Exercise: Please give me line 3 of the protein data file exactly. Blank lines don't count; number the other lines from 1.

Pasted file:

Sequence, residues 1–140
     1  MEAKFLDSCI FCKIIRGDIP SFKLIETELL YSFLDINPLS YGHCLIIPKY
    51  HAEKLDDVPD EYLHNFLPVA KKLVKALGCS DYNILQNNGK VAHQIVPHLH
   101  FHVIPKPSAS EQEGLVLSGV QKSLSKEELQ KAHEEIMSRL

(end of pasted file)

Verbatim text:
    51  HAEKLDDVPD EYLHNFLPVA KKLVKALGCS DYNILQNNGK VAHQIVPHLH